From 1921 to 1924, Elmer Frederick “Irish” Meusel was John McGraw’s left-fielder on four consecutive pennant winning and two world championship teams. His four season RBI total for the Giants beginning in 1922, was 470.
Irish was not, however, the best left fielder playing for the home team in the Polo Grounds, back then. He was not even considered the best left-fielder in his family. That honor went to his younger and much more ornery brother Bob, who played for the Yankees. The Big Apple has not had a set of better-playing brothers since the Meusels were in town.
Consider this. In 1922, Irish drove in 111 runs for the Giants and “Long Bob” led the AL in RBIs with 138. That’s a total of 249 RBI’s from one set of brothers. In 1941, The DiMaggio boys had 283 RBIs in one season but there were three of them. Even more impressively, in the five seasons from 1921 until 1925, the Meusel brothers combined to drive in 1,125 runs.
If the Meusel’s were around today, I could see Reebok or Nike releasing a new pair of baseball shoes. The left one would be called the “Irish” and the right one, “Long Bob.” Or perhaps modern sneaker companies would have been turned off by the attitude and behavior of today’s Pinstripe Birthday celebrant.
As I dug deeper into the younger Meusel’s background, I found he had developed a reputation for being lazy on the field. Such criticism came not just from sportswriters of that era but from Meusel’s own Manager, the great Miller Huggins. It was also referenced in his New York Time’s obituary which stated that Meusel’s alleged laziness may have been in appearance only, caused by the fact that the tall, graceful athlete had such a long and loping stride, that he always looked like he was running slow even when he was not. I also found articles indicating that Meusel was not known as a very friendly guy. In 1924, he charged the pitcher in a game in Detroit with his bat-in-hand setting off one of the worst riots in MLB history. Other published accounts described the California native as “dark” and “moody” and a perennial complainer especially when it was time to sign a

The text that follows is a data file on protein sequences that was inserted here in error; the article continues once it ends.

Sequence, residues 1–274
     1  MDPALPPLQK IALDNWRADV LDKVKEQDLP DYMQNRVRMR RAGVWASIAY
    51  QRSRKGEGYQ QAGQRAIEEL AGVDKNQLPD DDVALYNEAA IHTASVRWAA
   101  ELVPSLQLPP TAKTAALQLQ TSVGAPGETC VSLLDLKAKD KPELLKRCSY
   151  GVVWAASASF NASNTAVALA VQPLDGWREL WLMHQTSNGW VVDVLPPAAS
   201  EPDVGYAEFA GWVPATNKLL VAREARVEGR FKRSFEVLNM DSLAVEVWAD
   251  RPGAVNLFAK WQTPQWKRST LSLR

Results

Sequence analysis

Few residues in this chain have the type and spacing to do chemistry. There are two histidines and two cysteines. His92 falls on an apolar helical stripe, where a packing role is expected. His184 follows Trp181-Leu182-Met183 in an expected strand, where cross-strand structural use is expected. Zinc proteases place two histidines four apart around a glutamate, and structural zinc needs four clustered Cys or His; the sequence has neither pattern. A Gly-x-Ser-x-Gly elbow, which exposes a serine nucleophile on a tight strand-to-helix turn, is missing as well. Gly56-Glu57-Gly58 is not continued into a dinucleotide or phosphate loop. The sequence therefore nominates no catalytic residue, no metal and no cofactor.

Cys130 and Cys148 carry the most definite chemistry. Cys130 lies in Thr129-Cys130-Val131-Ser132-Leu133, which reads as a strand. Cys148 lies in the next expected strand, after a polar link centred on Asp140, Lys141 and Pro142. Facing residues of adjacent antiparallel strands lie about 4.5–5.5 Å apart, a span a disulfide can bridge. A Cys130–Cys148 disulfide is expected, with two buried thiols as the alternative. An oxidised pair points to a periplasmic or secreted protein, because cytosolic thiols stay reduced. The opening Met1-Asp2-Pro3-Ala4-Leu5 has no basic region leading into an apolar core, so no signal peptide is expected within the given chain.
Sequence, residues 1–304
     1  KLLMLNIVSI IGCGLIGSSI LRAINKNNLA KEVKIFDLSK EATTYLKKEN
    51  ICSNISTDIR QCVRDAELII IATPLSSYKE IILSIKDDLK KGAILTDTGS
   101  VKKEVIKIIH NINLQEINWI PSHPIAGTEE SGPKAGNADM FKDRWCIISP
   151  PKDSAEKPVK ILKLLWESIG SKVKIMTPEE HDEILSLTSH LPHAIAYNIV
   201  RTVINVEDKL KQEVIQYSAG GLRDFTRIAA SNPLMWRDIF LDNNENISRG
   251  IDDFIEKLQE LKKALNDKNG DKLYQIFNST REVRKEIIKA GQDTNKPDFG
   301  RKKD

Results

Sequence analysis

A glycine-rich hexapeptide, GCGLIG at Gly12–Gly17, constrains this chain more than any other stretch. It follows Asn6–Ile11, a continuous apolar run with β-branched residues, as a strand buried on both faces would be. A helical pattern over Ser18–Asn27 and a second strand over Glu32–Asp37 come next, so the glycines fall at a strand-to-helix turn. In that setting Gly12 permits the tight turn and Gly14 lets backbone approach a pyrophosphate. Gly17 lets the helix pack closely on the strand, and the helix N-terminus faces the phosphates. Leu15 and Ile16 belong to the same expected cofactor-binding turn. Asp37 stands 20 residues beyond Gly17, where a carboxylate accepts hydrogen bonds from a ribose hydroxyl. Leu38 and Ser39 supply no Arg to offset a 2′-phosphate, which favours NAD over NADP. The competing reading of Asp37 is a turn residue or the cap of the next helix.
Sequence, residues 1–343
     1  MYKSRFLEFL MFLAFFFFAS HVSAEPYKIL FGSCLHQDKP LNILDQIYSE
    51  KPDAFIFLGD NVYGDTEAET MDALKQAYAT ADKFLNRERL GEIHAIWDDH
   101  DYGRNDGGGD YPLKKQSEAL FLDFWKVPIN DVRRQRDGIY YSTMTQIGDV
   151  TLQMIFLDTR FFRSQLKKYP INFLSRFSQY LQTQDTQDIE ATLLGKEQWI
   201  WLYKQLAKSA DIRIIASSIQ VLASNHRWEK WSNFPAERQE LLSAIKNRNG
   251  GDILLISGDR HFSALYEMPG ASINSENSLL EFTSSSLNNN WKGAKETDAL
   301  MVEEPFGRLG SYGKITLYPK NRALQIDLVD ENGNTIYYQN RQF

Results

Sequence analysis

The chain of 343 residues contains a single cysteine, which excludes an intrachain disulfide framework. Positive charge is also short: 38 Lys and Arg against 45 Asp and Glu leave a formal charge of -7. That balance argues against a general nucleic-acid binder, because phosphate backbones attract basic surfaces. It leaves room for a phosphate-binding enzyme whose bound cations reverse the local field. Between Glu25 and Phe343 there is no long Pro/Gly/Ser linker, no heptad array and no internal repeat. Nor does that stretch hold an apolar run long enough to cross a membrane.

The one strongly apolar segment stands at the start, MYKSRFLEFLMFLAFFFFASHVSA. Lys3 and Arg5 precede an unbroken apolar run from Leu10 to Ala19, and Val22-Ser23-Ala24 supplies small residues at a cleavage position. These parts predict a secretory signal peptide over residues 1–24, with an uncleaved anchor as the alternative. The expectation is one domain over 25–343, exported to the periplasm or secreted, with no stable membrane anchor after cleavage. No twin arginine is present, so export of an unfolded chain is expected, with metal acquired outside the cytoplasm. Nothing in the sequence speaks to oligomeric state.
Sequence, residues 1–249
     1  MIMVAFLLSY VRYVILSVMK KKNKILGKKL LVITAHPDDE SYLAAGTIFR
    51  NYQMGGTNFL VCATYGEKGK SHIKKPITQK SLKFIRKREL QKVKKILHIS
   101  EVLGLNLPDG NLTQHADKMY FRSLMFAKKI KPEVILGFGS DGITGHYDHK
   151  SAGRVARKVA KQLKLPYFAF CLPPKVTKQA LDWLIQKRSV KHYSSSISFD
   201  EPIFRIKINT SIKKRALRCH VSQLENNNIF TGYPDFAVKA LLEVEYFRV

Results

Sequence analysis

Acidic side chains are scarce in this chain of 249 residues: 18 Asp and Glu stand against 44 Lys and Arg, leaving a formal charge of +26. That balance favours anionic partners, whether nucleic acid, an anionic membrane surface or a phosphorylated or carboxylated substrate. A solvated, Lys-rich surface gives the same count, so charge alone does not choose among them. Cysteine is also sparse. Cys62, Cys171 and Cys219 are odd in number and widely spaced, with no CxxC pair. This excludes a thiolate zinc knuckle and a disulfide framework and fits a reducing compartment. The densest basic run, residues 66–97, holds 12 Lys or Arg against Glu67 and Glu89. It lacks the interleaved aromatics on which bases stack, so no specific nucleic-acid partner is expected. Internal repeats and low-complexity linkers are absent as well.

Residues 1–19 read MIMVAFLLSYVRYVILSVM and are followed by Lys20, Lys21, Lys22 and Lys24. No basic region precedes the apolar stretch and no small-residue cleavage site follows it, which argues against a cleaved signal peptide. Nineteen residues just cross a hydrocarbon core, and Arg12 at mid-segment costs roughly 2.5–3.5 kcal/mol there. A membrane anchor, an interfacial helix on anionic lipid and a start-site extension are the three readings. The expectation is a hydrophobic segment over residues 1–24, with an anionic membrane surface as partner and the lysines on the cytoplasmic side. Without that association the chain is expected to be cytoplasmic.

contract or comply with a league rule.
But no one disputes Meusel’s five-tool talent on the field. This guy could run, hit, hit for power, field and had a shotgun for an arm. He played left field for one of the greatest Yankee teams in history and during his decade in New York the Yankees appeared in their first six World Series and earned the franchise’s first three championship banners. Meusel’s Yankee career ended when he was sold to the Reds after the 1929 season. During his ten seasons in pinstripes he hit 146 home runs, drove in 1,005 runs, hit .311 and maintained a .500 slugging percentage.
|NYY (10 yrs)||1294||5543||5032||764||1565||338||87||146||1002||134||349||556||.311||.358||.500||.858|
|CIN (1 yr)||113||484||443||62||128||30||8||10||62||9||26||63||.289||.330||.460||.790|
I was one of those Yankee fans who screamed the loudest when the recently departed George Steinbrenner pegged this guy to replace Buck Showalter as Yankee manager after the 1995 playoff loss to Seattle. We had good reason to be skeptics. Up until then, Torre had managed the Mets, Braves and Cardinals, losing an average of 90 games per year and compiling a dreadful .472 winning percentage. It seemed as if the Yankees had turned the corner with Showalter and when he got fired, one year after the miserable players strike, I was about ready to stop watching baseball.
Boy was I wrong. 1996 turned out to be one of the, if not the greatest years of my life as a Yankee fan and Joe Torre’s managerial skills were a huge part of the reason why. Not only was he adept at Steinbrenner diplomacy, he was also a great communicator with his players and it seemed every move he made from the dugout was the right one.